President Obama chaired a meeting of the United Nations Security Council this morning where a resolution reaffirming the UN's goal of a world without nuclear weapons passed unanimously.
"We now face proliferation of a scope and complexity that demands new strategies and new approaches," the president said. "The historic resolution we just adopted enshrines our shared commitment to a goal of a world without nuclear weapons, and it brings Security Council agreement on a broad framework for action to reduce nuclear dangers as we work toward that goal."
Mr. Obama quoted Reagan's April 30, 1984 speech at Fudan University in Shanghai, China, where the Republican leader said, "A nuclear war cannot be won and must never be fought. And no matter how great the obstacles may seem, we must never stop our efforts to reduce the weapons of war. We must never stop at all until we see the day when nuclear arms have been banished from the face of this Earth."
After working the room — shaking hands and being photographed — President Obama gaveled open the 6,191st meeting of the Security Council and introduced the draft resolution (read it HERE) which passed 15-0. United Nations Secretary-General Ban Ki-Moon, French President Nicolas Sarkozy, Russian President Dmitry Medvedev, British Prime Minister Gordon Brown, and other world leaders supported the resolution.
Today's even marked the first time an American president has chaired a meeting of the Security Council.
In addition to the five permanent members of the Security Council — China, France, the Russian Federation, the United Kingdom and the United States — the 10 rotating members of the Security Council are Austria, Japan, Uganda, Burkina Faso, Libya, Viet Nam, Costa Rica, Mexico, Croatia, and Turkey.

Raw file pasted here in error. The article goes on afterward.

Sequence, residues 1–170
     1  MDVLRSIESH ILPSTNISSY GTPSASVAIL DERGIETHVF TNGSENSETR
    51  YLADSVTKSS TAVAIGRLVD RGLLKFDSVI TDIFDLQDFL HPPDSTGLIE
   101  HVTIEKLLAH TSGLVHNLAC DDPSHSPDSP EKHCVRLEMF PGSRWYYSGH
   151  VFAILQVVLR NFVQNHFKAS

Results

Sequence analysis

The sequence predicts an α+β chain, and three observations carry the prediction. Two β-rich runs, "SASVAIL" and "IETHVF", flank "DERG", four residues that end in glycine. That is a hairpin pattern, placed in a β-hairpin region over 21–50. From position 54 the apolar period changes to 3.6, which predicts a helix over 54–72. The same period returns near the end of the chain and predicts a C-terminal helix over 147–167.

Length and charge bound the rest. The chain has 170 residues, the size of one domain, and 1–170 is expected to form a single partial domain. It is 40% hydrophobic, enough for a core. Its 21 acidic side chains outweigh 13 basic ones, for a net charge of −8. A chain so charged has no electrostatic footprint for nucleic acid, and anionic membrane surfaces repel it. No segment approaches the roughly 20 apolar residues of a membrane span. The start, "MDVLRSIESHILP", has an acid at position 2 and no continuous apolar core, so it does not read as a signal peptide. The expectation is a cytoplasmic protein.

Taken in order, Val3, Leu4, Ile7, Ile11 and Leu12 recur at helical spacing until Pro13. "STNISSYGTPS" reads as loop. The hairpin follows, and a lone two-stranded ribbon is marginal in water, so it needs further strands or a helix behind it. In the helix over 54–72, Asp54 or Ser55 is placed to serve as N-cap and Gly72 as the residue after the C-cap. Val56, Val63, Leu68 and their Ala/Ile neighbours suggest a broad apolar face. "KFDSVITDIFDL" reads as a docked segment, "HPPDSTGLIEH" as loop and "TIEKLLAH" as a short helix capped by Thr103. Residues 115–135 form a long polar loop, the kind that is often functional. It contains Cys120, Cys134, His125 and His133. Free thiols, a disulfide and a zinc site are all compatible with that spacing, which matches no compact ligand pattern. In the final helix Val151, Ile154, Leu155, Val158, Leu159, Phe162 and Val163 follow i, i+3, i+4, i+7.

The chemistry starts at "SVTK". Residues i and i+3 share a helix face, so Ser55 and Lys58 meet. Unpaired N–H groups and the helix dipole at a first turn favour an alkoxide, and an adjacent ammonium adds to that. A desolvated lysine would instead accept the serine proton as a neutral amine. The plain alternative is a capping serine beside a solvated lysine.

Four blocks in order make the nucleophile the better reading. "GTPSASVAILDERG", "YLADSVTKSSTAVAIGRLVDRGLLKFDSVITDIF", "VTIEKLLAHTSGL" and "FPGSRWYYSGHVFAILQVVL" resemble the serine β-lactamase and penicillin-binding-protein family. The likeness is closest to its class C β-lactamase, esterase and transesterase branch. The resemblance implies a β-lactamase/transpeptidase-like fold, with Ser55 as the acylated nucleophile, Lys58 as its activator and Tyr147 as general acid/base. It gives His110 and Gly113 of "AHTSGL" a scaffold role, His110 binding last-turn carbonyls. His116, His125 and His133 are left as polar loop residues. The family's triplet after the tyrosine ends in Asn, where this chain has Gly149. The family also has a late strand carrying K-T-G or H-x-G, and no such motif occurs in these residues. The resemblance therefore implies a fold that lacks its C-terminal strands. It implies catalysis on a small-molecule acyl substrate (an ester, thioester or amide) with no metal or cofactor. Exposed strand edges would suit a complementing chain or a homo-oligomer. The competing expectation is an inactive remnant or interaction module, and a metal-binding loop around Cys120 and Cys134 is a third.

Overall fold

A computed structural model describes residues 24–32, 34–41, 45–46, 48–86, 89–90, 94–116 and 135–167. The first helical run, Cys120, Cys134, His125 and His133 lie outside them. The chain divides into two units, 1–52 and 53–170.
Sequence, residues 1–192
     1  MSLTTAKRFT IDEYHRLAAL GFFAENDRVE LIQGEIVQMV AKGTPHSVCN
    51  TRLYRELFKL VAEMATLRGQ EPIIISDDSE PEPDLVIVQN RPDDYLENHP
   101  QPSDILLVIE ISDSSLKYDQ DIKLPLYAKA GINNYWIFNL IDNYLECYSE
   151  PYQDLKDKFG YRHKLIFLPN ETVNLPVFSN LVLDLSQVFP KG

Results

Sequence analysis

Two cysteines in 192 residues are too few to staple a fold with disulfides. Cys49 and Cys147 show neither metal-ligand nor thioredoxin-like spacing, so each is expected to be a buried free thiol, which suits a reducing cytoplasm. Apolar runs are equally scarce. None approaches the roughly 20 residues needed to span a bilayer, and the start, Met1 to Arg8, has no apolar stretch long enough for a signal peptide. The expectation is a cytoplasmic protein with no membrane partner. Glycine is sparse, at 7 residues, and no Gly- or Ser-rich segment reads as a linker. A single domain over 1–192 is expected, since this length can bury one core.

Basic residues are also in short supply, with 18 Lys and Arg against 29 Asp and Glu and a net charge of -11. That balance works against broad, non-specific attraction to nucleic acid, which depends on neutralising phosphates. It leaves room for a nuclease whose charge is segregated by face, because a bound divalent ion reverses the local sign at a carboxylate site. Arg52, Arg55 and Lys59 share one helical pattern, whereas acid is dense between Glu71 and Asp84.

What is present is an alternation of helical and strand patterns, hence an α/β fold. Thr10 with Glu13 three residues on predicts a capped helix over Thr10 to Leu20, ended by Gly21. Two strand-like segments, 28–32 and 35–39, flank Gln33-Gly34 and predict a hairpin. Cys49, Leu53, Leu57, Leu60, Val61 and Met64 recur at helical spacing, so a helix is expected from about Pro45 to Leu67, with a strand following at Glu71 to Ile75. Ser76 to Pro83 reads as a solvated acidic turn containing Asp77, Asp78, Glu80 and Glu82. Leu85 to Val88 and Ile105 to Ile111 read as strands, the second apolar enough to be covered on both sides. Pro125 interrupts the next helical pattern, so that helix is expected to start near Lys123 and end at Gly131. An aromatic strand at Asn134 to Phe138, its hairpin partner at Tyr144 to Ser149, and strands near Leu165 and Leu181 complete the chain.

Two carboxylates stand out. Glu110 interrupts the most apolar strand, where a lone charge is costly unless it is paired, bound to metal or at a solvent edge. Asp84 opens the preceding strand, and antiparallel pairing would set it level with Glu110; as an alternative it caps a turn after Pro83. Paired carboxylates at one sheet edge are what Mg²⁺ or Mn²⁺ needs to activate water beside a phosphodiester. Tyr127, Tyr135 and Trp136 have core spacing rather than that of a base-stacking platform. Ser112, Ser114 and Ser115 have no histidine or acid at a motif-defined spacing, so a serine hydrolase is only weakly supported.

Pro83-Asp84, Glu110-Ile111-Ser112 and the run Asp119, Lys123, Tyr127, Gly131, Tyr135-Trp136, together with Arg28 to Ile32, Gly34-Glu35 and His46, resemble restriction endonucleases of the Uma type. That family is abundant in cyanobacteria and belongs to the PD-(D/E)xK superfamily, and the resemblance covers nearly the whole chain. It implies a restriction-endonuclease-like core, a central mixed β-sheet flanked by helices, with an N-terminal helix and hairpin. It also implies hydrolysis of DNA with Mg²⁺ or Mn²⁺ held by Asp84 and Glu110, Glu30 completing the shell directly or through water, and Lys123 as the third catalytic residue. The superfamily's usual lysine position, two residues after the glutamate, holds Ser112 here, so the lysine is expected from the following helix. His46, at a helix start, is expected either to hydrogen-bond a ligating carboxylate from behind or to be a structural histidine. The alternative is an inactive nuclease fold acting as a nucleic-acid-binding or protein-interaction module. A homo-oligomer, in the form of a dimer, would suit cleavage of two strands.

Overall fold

The resolution calls for further progress on nuclear arms reductions through a strengthened Nuclear Non-proliferation Treaty, a UN treaty first opened for signature in 1968, and since amended, under which nuclear power nations agree to refrain from transferring nuclear weapons or related technology to any non-nuclear-weapon state and to "pursue negotiations in good faith on effective measures relating to cessation of the nuclear arms race at an early date and to nuclear disarmament, and on a treaty on general and complete disarmament under strict and effective international control." A total of 187 nations have signed the treaty, though Israel, India, and Pakistan are not among them, and North Korea withdrew from the treaty in 2003.
Today's resolution calls for improved security for nuclear weapons materials, and calls for the convening of a Nuclear Security Summit in 2010 and proposes ways to deter any nation from withdrawing from the Nuclear Non-proliferation Treaty.
And though President Obama said the summit was "not about singling out individual nations," the White House says the resolution also re-affirms previous Security Council resolutions dealing with the nuclear weapons programs of Iran and North Korea, even if they are not named.
Secretary of State Hillary Clinton and US Ambassador to the UN Dr. Susan Rice sat behind the president.
Others in the room included President Nixon's Secretary of State and National Security Adviser Dr. Henry Kissinger, President Reagan's Secretary of State George Shultz, President Clinton's Defense Secretary William Perry, and former Sen. Sam Nunn, D-Ga., all of whom issued a statement saying that the summit "brings much-needed global focus to the risks posed by the spread of nuclear weapons, nuclear know-how and nuclear material. By convening heads of state, the meeting can help build the necessary political will around the urgent steps required to reduce nuclear dangers…We welcome the leadership of the U.S. administration in this effort."
Former head of the United Nations Monitoring, Verification and Inspection Commission Dr. Hans Blix, UN "Ambassador of Peace" actor Michael Douglas and UN Foundation Chairman Ted Turner were also in attendance.